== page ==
Are the germs in your shower harmless?

 They did tests on 45 different shower heads from nine cities around the world, using genetic testing to reveal bacteria that can’t be detected by the usual method of growing them in a dish.

One type of bacteria, called mycobacteria, appeared in higher numbers inside shower heads. The researchers think these bacteria form a waxy biofilm that’s not easily washed away by water.

The most noteworthy finding was a species called Mycobacterium avium. About 20 per cent of the swabs gave test results suggesting that Mycobacterium avium could be present. Mycobacterium avium does have the potential to make people ill, although the immune system of a healthy person will almost always keep this germ in check.

Could my shower head make me ill?

For most people, the answer is a straight no. For bacteria in a shower head to pose a danger, first you’d have to either swallow them or breathe them in.

When the researchers tested water that was sprayed out of the shower heads, they found bacteria levels reflected those in the water supply, not those in the shower head. So, it seems that any bacteria that build up in the shower head don’t make their way into the spray from the shower.

Mycobacterium avium isn’t usually a danger to healthy people, although it can cause lung infections in people with a damaged immune system. This includes people with cystic fibrosis or AIDS, and people who’ve recently had an organ transplant.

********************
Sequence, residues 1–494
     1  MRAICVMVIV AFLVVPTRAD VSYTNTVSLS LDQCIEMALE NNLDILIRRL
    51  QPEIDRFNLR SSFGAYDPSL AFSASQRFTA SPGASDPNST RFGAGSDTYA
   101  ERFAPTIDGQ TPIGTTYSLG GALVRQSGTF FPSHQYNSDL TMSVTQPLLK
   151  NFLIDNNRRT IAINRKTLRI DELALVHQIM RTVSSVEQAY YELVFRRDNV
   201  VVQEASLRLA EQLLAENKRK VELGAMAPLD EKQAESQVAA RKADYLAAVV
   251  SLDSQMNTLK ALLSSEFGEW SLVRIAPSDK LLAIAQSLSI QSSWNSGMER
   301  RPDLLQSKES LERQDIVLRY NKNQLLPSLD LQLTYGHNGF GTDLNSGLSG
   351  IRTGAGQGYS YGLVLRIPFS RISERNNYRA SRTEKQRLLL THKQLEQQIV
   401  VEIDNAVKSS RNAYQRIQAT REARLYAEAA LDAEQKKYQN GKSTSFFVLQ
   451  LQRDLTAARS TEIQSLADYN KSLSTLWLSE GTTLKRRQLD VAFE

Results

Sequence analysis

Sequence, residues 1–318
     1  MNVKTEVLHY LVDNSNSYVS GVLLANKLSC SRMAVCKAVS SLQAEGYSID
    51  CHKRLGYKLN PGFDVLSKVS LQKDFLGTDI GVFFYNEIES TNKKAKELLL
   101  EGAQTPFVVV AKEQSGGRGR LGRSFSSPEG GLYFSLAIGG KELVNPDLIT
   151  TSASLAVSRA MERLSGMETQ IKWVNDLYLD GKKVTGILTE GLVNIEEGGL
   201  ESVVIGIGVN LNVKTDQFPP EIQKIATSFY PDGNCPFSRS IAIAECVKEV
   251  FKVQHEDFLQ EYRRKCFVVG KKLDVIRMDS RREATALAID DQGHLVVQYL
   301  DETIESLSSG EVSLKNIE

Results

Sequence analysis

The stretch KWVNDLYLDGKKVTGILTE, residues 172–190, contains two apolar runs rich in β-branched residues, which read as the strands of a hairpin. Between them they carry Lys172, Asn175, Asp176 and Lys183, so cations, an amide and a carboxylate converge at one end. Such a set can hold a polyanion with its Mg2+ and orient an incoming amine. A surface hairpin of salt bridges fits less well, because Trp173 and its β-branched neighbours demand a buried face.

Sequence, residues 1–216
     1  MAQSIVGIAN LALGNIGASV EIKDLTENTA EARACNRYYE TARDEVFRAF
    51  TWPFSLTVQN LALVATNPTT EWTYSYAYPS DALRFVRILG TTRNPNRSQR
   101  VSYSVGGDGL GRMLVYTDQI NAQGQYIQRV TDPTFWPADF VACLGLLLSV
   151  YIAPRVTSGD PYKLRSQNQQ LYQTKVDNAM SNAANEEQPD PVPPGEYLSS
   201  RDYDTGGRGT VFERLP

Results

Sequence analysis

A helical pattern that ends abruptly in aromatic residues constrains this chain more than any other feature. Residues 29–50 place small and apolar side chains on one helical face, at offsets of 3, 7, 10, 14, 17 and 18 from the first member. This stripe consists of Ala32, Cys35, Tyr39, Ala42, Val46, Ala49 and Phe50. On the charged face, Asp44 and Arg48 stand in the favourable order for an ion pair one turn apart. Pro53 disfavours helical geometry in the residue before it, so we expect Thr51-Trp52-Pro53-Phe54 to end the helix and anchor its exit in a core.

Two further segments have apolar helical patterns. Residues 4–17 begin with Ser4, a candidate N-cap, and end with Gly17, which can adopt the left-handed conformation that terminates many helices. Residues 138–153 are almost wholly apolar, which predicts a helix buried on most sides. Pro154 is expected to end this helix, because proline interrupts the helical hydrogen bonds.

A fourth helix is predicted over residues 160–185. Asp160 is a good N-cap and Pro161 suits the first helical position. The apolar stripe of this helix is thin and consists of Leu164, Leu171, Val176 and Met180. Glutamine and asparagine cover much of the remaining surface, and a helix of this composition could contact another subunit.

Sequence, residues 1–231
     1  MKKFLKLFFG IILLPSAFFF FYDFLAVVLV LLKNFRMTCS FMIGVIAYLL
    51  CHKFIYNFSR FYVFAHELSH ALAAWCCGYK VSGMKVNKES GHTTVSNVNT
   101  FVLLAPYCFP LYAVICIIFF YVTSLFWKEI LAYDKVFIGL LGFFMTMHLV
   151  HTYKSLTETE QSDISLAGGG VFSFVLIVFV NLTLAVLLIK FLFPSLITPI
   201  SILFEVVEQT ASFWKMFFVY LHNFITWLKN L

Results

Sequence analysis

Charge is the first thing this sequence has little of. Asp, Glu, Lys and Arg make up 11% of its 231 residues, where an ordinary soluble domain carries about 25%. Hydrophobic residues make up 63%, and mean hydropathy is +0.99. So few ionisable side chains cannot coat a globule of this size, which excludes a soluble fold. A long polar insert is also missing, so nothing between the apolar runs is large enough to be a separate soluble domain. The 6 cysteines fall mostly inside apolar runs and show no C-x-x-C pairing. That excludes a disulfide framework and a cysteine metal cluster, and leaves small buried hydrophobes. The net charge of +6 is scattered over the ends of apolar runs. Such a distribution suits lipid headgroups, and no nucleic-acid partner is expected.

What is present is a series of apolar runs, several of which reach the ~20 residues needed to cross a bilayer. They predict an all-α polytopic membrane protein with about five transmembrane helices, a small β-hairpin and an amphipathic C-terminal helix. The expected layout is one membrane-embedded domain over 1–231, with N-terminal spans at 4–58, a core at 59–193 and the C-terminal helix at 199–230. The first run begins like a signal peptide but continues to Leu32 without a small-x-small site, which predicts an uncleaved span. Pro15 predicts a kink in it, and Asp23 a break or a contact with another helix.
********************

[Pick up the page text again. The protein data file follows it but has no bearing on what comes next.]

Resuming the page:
What should I do now?

The researchers suggest that people with a damaged immune system might be better off having baths rather than showers. If Mycobacterium avium is present, the spray from a shower may make you more likely to breathe it in. However, the researchers didn’t test this idea.

If all this talk of bacteria has you worried, think twice before you rush off to bleach your shower head. The researchers say that mycobacteria will simply grow back. When they did try treating one shower head with diluted bleach, they ended up with a greater proportion of some (harmless) bacteria in subsequent tests. That may be because any bacteria that stick around in a shower head are immune to the chlorine used to treat municipal water, so might also be resistant to diluted bleach, which is also chlorine-based.

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